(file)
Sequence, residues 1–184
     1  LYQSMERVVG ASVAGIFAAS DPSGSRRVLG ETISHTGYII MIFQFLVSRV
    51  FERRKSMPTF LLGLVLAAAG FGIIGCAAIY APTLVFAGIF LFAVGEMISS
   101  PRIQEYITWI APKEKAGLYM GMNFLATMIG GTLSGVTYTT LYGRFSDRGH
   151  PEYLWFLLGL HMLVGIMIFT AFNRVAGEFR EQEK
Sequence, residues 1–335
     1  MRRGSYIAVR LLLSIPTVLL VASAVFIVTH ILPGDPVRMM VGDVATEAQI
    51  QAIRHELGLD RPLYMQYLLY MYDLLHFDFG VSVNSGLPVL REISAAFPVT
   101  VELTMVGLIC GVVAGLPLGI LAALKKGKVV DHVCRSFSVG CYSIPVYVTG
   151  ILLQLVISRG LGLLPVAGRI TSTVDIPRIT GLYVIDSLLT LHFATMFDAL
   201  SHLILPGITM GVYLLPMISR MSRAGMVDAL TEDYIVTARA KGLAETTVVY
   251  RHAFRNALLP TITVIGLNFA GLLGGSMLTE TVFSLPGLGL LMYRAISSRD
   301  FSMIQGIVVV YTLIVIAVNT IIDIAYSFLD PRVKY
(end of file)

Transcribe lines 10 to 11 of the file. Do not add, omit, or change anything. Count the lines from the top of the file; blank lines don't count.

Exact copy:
   151  ILLQLVISRG LGLLPVAGRI TSTVDIPRIT GLYVIDSLLT LHFATMFDAL
   201  SHLILPGITM GVYLLPMISR MSRAGMVDAL TEDYIVTARA KGLAETTVVY